Oil deal shows the world can unite during crisis
Major oil producing nations announced massive cuts to production over the weekend, perhaps the first concerted effort by G20 leaders to contain the economic fallout of the Covid-19 pandemic. The deal wasn't easy to achieve. It took three days of hard bargaining, two virtual meetings, and a special meeting of G20 energy ministers, to arrive at a consensus. US diplomacy essentially helped galvanise support for the biggest cuts in Opec's history which includes non-Opec members as well. This deal could pave the way for further cooperation in other sectors to fight the pandemic, and US President Donald Trump should see value in global support. The despair following the spread of Covid-19 can be mitigated only if countries get together and act fast. The energy industry, like any other, has been devastated with demand plummeting by roughly a third. Lockdowns in a number of countries bring these economies to a standstill. The popular belief that low oil prices are always a good thing, especially during times like these when the global economy is fragile, has been turned on its head. Cheaper oil can do little to boost spending demand now when most countries are shutting borders and economic activity to contain the virus. Livelihoods are being threatened, millions in the oil and gas industry are unsure of their jobs or are suffering deep pay cuts. Long-term damages have already happened to supply chains. Aviation has been hit hard, just like other major global industries. Runways have turned into parking lots as hangars are no longer enough to park the airplanes that until recently helped connect our world. Cars are spending more time in garages than roads, and we brace for more bad news.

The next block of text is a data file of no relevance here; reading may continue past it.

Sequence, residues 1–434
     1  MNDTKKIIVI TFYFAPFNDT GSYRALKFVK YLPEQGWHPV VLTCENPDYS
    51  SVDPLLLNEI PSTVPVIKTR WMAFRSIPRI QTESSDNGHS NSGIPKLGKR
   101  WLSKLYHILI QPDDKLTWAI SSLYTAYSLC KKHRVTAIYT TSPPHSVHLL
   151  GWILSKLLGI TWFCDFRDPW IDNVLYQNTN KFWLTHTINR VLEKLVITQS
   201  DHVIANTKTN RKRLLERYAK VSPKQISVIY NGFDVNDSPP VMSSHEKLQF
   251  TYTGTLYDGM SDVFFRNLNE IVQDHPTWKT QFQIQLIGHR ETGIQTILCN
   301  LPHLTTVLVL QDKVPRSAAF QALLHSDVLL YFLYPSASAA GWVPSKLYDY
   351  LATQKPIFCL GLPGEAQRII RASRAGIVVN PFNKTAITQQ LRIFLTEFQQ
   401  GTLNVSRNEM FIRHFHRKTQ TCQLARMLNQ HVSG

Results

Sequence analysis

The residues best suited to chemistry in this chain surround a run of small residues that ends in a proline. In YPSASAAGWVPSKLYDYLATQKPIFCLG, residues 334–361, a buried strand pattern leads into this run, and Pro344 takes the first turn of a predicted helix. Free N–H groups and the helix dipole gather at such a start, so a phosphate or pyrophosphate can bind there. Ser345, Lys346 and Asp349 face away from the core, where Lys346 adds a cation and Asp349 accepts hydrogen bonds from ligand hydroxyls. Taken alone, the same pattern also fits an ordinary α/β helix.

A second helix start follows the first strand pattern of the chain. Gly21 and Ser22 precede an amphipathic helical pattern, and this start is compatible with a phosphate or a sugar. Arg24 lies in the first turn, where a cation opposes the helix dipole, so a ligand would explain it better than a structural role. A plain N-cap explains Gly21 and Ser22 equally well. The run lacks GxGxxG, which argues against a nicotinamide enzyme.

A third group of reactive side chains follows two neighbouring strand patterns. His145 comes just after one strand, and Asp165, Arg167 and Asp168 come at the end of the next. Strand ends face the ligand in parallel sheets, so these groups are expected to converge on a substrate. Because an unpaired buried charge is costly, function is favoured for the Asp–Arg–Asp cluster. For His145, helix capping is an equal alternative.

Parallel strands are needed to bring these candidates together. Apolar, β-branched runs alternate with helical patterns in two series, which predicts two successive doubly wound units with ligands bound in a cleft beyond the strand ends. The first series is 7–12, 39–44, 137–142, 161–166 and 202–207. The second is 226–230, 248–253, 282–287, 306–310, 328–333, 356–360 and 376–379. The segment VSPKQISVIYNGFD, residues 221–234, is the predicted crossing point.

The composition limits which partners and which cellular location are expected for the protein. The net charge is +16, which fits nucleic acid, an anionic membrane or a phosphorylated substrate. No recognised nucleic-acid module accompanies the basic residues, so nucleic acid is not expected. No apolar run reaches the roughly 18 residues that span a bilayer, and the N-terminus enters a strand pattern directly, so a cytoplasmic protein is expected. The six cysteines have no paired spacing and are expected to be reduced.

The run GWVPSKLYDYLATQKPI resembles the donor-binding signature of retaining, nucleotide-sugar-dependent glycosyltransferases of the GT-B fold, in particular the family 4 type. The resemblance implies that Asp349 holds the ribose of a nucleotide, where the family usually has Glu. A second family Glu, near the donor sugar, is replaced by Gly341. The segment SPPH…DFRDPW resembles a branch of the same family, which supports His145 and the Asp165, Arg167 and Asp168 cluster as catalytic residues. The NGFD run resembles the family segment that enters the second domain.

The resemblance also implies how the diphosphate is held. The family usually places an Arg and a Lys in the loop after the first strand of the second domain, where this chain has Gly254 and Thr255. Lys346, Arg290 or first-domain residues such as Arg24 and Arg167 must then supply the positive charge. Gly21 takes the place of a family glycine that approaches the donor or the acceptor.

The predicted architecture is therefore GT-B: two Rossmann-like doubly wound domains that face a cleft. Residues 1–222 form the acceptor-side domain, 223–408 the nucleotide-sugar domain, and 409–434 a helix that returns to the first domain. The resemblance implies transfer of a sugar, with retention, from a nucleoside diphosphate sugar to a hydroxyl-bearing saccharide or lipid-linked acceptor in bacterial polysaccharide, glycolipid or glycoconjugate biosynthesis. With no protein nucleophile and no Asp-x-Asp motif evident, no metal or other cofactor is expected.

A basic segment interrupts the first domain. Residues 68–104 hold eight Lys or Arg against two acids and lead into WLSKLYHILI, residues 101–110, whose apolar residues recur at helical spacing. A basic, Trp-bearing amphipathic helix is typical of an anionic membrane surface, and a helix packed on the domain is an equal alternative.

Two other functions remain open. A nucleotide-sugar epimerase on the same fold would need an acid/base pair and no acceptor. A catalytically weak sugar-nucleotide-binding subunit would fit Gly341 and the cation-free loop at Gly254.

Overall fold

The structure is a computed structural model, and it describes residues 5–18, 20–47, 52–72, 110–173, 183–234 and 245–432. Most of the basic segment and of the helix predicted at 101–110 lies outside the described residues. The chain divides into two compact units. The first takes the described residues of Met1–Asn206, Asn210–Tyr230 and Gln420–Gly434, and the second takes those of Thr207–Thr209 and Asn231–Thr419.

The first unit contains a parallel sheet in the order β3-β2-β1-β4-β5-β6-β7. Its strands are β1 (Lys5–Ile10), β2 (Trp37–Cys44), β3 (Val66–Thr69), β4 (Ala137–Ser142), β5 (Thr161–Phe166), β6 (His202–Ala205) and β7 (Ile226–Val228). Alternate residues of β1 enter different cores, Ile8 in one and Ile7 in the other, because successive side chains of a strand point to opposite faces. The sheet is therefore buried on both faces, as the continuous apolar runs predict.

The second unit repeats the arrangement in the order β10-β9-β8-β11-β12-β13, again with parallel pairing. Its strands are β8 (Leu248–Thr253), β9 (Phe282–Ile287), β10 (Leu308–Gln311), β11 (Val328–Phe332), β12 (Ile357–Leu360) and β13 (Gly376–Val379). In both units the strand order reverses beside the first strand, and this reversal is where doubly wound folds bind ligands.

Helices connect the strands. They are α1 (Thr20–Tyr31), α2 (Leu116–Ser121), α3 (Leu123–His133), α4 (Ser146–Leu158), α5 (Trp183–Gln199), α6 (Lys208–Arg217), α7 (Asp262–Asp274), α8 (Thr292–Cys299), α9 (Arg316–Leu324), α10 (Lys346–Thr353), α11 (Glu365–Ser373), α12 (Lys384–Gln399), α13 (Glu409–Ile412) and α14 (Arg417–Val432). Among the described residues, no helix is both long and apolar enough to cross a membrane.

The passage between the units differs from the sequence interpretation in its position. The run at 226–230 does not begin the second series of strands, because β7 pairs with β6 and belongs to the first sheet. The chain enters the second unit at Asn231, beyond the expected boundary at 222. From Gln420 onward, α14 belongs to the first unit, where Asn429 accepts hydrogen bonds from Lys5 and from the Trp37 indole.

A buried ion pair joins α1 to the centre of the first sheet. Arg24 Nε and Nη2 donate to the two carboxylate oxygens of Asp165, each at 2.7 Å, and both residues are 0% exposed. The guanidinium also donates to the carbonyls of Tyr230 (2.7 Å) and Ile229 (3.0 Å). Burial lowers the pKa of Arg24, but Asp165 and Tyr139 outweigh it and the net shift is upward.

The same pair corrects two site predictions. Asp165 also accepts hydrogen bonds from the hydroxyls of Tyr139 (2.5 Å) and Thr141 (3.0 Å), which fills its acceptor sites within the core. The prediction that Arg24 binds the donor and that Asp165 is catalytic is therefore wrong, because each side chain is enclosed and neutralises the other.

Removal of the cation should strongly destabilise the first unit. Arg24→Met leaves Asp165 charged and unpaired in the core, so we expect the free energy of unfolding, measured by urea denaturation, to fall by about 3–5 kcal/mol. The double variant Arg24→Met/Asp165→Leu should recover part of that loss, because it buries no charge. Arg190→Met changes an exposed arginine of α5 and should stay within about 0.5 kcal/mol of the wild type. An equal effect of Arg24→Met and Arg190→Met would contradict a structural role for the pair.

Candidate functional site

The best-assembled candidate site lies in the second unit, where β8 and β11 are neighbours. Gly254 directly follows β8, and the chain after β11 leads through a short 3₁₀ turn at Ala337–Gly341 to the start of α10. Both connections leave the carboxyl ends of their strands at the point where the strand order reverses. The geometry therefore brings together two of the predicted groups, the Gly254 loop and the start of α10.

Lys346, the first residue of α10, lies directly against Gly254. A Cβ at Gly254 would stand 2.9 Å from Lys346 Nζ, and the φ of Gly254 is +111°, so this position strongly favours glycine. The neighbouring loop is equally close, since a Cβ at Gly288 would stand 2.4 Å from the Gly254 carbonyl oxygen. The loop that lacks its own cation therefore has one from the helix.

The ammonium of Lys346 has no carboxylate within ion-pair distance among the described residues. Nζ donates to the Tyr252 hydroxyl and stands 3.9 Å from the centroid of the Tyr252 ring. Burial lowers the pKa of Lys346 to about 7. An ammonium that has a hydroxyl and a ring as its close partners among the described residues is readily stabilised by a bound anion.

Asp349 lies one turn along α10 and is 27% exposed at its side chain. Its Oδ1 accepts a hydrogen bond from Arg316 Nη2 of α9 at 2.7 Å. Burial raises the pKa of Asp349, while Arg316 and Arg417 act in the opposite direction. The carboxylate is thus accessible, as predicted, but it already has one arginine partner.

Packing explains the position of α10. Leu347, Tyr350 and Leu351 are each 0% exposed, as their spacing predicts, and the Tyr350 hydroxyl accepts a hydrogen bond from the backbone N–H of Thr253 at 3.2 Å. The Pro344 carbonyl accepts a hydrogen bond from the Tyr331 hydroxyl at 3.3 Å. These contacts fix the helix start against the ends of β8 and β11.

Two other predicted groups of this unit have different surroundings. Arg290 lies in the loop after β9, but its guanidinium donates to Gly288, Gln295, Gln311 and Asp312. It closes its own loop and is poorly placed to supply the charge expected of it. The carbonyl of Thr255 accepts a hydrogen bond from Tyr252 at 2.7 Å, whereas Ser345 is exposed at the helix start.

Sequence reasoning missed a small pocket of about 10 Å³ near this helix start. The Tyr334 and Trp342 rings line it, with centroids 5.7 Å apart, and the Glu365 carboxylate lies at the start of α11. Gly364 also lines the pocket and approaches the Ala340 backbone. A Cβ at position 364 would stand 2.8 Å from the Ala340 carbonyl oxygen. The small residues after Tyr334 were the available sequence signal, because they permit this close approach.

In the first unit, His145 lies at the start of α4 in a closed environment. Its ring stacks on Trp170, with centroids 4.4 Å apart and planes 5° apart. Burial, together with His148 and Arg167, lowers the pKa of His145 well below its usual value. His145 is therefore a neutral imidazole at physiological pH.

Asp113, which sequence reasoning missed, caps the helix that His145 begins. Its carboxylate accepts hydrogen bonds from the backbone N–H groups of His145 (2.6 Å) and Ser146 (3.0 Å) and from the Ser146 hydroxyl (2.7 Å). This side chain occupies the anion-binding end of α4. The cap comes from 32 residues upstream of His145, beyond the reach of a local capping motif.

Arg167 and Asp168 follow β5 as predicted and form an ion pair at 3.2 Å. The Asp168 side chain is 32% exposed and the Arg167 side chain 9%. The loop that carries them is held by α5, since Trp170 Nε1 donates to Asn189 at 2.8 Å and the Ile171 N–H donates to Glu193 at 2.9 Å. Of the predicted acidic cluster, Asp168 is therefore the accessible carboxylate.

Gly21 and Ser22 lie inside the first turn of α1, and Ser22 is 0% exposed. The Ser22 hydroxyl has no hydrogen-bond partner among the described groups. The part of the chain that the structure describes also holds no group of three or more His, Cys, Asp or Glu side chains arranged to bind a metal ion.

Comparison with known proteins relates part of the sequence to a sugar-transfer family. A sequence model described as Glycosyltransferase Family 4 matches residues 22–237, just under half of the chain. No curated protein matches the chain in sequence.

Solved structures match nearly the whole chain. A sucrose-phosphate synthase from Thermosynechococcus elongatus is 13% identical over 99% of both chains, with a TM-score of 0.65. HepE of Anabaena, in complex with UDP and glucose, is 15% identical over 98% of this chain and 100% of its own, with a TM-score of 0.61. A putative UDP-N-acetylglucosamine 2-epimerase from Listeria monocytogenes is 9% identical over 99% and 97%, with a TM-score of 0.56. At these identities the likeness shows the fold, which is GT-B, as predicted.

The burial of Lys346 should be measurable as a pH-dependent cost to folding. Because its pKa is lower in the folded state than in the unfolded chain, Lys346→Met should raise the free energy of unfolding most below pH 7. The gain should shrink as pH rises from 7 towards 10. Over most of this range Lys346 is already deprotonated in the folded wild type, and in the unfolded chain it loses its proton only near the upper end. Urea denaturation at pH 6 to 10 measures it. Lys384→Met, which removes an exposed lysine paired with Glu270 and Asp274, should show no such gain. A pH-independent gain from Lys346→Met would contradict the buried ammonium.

Estimates suggest about 10 to 20 per cent of world demand for oil could vanish in the coming few weeks, which made it all the more necessary to arrive at production cuts to provide some floor support to the price of oil that had fallen below $30 per barrel for the first time since 2016 and has hit its lowest levels since 2003. Stabilising prices of oil, however, may require production cuts to be maintained at this level for longer than the agreed two months before a phased easing begins. The pandemic is upending our old ways of life, and we might not just return to the same way of life as before. Oil, for all we know, might lose its sheen in the post-Covid-19 world. Such a scenario, however, damaging to the prospects to oil producing nations should be kept in mind as countries plan for the future. The UAE has been on diversification drive, Saudi Arabia, the largest exporter of petroleum, too, is focusing on other industries, and can weather the storm to emerge stronger. But it is smaller oil producing nations, some of which are non-Opec members, that might feel the pinch. This is among the many lessons that people and countries are learning from this crisis.